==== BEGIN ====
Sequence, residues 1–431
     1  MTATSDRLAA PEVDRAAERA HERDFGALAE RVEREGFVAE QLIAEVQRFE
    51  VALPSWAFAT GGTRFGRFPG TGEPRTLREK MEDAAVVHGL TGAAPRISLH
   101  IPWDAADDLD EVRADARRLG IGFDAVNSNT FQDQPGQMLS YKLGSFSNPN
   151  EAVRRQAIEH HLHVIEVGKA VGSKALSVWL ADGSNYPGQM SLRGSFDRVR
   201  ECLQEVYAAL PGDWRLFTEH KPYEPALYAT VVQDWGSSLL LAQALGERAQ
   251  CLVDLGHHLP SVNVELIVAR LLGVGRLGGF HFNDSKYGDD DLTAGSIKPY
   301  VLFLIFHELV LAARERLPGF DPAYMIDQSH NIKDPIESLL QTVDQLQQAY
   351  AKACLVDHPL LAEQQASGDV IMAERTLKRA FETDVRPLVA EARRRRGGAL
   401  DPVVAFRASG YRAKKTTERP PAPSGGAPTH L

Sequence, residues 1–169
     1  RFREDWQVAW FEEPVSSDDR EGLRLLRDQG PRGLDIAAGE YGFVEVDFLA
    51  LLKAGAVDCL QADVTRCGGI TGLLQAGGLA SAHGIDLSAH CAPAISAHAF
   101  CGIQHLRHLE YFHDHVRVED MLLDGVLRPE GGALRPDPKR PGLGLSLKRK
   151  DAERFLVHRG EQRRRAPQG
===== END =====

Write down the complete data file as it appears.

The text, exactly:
Sequence, residues 1–431
     1  MTATSDRLAA PEVDRAAERA HERDFGALAE RVEREGFVAE QLIAEVQRFE
    51  VALPSWAFAT GGTRFGRFPG TGEPRTLREK MEDAAVVHGL TGAAPRISLH
   101  IPWDAADDLD EVRADARRLG IGFDAVNSNT FQDQPGQMLS YKLGSFSNPN
   151  EAVRRQAIEH HLHVIEVGKA VGSKALSVWL ADGSNYPGQM SLRGSFDRVR
   201  ECLQEVYAAL PGDWRLFTEH KPYEPALYAT VVQDWGSSLL LAQALGERAQ
   251  CLVDLGHHLP SVNVELIVAR LLGVGRLGGF HFNDSKYGDD DLTAGSIKPY
   301  VLFLIFHELV LAARERLPGF DPAYMIDQSH NIKDPIESLL QTVDQLQQAY
   351  AKACLVDHPL LAEQQASGDV IMAERTLKRA FETDVRPLVA EARRRRGGAL
   401  DPVVAFRASG YRAKKTTERP PAPSGGAPTH L

Sequence, residues 1–169
     1  RFREDWQVAW FEEPVSSDDR EGLRLLRDQG PRGLDIAAGE YGFVEVDFLA
    51  LLKAGAVDCL QADVTRCGGI TGLLQAGGLA SAHGIDLSAH CAPAISAHAF
   101  CGIQHLRHLE YFHDHVRVED MLLDGVLRPE GGALRPDPKR PGLGLSLKRK
   151  DAERFLVHRG EQRRRAPQG